The Pirates have been the worst team in the majors this season (7-19 after another loss to the White Sox on Wednesday afternoon) and against Giolito they only hit a few balls hard. One was at the very end, by Gonzalez, who smoked an 0-2 fastball to right field at 102.6 miles per hour off the bat. A ball like that is a hit 85 percent of the time, according to Statcast, but Adam Engel made a racing, off-balance catch to end the game.
With no fans in the stands, the White Sox did their best to create some atmosphere. Giolito said he noticed the automated crowd noise “getting louder and louder as the game went on.” It was his first no-hitter since a seven-inning performance in a Class AAA game in 2017.
That was Giolito’s first season with the White Sox organization after five years with the Washington Nationals, who chose him 16th overall in the 2012 draft. He most likely would have gone higher but teams had concerns about his elbow; he needed Tommy John surgery that September.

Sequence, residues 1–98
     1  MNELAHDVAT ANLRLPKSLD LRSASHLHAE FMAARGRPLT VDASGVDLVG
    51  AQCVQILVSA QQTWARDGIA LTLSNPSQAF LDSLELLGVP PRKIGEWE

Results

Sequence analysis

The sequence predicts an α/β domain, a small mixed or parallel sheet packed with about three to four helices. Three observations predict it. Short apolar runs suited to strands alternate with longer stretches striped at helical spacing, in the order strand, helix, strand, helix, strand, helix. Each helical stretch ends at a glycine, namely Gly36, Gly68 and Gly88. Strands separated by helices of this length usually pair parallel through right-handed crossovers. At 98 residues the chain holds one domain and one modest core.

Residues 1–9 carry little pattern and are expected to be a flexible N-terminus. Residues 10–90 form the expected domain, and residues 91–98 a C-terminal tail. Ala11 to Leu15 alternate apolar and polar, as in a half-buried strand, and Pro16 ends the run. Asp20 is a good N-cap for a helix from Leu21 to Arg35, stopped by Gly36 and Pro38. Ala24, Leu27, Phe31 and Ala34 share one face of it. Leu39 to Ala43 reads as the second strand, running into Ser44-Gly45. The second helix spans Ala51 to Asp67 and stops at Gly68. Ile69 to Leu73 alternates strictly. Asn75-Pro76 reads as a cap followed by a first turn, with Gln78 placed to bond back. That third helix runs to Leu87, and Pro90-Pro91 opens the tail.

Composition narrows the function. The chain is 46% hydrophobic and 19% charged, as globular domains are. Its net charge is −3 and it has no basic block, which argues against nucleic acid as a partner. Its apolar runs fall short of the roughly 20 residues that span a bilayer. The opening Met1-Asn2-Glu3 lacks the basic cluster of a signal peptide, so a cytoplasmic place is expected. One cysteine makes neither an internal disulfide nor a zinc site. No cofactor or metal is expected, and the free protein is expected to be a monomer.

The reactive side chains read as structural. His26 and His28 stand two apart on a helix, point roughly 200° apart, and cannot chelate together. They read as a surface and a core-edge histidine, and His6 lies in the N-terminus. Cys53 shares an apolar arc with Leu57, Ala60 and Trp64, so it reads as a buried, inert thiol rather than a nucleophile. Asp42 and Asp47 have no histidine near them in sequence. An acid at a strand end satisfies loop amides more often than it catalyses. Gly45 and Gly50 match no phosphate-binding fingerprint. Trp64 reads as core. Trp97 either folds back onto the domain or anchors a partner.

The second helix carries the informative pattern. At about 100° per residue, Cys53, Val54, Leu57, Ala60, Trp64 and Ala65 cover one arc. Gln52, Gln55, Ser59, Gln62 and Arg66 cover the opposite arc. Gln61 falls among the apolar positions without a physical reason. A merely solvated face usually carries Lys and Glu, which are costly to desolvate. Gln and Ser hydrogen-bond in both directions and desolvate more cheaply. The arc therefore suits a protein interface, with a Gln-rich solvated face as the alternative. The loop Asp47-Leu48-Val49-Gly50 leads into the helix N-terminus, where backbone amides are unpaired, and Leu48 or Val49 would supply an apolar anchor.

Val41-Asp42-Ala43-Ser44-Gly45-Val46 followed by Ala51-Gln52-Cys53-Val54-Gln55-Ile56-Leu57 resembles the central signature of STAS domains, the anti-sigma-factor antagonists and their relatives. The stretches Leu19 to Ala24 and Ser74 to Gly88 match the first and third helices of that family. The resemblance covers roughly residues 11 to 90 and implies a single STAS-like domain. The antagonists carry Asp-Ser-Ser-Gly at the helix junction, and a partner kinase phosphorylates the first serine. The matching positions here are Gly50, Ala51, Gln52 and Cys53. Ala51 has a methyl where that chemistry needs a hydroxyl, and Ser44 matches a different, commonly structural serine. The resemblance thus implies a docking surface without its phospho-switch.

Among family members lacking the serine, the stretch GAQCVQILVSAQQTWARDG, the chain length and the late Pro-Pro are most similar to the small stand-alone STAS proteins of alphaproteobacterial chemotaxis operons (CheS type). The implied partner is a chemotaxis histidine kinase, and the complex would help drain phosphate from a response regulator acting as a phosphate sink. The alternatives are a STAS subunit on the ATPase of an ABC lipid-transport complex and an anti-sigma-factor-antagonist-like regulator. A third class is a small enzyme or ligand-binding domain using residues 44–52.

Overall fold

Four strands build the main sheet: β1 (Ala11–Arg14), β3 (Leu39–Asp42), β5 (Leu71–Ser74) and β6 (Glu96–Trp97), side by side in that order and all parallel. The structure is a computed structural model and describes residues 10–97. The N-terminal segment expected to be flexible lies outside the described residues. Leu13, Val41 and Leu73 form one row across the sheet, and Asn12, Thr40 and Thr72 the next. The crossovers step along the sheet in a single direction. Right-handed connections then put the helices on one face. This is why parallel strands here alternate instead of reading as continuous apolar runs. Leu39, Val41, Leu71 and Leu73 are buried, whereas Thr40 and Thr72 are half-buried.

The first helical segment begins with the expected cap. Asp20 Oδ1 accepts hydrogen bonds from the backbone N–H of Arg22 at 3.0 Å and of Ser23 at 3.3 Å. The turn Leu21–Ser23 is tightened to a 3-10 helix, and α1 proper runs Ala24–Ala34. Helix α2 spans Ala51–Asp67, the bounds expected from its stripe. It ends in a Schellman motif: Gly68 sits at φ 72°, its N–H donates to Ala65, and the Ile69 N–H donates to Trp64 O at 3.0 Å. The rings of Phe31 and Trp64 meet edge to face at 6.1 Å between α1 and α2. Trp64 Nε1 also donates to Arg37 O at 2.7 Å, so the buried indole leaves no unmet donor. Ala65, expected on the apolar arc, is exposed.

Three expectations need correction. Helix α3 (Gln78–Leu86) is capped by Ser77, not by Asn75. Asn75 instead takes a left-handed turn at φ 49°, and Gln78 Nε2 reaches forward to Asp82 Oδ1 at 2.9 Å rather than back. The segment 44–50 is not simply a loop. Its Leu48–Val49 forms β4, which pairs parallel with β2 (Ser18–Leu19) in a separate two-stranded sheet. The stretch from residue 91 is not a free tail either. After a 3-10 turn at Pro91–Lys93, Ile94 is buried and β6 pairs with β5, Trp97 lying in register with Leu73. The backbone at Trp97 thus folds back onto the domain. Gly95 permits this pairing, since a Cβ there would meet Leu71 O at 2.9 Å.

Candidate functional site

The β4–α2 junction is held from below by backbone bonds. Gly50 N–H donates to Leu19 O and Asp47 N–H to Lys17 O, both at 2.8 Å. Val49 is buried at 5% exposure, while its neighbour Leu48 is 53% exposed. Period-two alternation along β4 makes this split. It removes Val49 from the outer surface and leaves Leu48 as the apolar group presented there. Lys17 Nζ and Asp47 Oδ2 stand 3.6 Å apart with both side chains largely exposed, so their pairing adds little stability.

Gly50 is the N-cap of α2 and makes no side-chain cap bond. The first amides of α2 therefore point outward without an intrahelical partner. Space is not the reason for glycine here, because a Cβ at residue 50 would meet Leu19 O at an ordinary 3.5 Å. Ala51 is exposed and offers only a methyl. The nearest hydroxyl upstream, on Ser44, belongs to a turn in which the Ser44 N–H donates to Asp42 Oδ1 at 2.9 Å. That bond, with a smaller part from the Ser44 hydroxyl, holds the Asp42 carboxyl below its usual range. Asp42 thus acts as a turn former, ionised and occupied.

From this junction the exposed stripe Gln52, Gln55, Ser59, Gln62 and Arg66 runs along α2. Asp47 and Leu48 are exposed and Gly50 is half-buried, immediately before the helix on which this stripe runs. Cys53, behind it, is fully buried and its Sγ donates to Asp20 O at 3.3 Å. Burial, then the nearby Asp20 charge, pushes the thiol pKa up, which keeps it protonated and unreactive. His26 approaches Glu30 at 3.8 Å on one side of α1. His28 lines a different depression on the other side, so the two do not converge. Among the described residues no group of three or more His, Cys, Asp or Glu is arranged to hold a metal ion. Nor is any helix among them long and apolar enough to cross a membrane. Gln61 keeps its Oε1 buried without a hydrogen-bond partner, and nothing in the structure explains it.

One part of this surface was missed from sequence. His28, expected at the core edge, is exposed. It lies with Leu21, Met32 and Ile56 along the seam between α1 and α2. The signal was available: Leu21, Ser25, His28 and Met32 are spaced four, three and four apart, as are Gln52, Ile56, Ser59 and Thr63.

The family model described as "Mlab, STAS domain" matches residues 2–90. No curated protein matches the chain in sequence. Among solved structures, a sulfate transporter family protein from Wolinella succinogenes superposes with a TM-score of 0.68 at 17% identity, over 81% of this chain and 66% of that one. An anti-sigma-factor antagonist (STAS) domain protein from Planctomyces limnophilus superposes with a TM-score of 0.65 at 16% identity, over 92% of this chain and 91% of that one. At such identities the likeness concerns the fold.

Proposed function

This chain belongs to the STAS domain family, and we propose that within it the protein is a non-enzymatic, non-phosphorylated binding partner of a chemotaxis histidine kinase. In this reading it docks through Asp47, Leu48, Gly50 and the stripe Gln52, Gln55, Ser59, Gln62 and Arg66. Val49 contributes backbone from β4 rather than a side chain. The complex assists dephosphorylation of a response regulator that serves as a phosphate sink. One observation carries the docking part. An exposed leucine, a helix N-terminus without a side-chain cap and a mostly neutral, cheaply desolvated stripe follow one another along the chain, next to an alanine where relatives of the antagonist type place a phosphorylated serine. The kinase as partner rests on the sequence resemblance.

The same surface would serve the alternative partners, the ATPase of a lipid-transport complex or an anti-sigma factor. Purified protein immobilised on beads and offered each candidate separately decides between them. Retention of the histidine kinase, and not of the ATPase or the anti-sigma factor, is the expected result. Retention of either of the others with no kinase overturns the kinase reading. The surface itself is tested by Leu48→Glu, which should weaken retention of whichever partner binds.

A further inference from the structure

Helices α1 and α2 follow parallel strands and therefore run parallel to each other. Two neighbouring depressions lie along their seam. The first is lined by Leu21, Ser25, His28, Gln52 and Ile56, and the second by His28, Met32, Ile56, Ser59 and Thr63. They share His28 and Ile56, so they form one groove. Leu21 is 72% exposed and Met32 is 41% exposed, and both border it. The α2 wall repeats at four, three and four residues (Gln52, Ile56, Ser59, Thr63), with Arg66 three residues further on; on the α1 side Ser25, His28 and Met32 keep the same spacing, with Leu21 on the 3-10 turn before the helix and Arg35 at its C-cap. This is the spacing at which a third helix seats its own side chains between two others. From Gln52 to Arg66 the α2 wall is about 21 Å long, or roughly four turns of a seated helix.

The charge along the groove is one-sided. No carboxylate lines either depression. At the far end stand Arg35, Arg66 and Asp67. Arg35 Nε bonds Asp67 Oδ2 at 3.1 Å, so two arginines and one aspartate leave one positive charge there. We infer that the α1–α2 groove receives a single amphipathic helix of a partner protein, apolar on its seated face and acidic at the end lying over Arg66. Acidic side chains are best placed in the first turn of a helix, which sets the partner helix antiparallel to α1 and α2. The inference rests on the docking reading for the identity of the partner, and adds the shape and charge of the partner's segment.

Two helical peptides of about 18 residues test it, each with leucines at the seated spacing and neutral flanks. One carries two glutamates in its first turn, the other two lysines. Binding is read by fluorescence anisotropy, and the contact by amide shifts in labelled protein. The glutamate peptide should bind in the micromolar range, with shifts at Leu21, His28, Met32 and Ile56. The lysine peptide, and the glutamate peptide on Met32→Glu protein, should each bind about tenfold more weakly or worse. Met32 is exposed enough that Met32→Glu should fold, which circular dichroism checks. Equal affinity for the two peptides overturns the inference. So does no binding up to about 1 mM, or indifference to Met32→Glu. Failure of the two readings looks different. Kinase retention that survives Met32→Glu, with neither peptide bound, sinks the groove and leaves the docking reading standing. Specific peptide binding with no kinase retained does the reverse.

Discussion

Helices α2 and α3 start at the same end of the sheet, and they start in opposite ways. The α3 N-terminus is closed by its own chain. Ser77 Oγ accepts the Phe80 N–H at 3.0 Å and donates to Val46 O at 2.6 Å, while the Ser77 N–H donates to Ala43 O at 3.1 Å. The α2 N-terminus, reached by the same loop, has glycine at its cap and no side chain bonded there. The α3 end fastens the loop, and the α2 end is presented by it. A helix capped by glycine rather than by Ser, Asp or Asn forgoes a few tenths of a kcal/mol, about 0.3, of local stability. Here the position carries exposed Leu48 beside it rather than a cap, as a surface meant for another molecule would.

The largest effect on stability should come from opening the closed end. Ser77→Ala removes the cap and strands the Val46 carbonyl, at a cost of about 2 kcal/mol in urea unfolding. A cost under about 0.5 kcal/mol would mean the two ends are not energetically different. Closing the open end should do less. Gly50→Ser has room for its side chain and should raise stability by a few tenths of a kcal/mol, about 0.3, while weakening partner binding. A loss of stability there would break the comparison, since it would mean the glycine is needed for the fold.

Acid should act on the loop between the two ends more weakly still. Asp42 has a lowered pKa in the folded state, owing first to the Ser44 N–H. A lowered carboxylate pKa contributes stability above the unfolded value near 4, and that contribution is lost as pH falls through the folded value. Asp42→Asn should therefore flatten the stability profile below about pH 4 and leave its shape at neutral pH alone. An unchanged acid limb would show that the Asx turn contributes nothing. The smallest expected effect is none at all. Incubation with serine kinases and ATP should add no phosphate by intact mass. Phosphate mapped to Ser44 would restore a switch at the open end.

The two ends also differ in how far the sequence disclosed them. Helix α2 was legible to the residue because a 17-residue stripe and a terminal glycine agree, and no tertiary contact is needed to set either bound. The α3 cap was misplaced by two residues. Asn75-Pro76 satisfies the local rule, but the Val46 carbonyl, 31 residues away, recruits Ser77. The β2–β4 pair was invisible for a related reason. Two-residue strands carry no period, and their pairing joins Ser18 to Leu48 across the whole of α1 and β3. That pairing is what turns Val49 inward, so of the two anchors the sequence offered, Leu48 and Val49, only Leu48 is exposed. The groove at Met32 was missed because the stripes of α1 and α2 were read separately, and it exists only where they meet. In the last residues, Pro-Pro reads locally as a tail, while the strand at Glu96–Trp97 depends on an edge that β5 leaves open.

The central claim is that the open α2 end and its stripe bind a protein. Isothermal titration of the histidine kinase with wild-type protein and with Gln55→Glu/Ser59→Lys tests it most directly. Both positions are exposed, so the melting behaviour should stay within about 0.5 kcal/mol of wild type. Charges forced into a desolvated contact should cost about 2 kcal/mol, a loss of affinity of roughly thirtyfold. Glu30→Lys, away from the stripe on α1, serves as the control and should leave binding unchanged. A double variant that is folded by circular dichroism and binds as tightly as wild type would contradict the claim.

Giolito grew up in Santa Monica, Calif., with a Hollywood background. His parents, Rick Giolito and Lindsay Frost, are actors. A grandfather, Warren Frost, played George Costanza’s father-in-law, Henry Ross, on “Seinfeld.” An uncle, Mark Frost, was a co-creator of the TV series “Twin Peaks.”
But the family business was not for him. Giolito’s teammates at Harvard-Westlake High School included two other future major league starters, St. Louis’ Jack Flaherty and Atlanta’s Max Fried. Baseball was far more appealing than acting.
“I never even considered it because my mom always steered me clear of it,” Giolito said at the Futures Game in 2014. “She used to come home from auditions like, ‘Oh, this is the worst.’ I mean, it’s fun, especially if you love drama and acting and all that, but it’s a really tough industry. I think it’s a little more fun being able to go outside and play a sport for money than to grind through the hard side of auditions and memorizing lines.”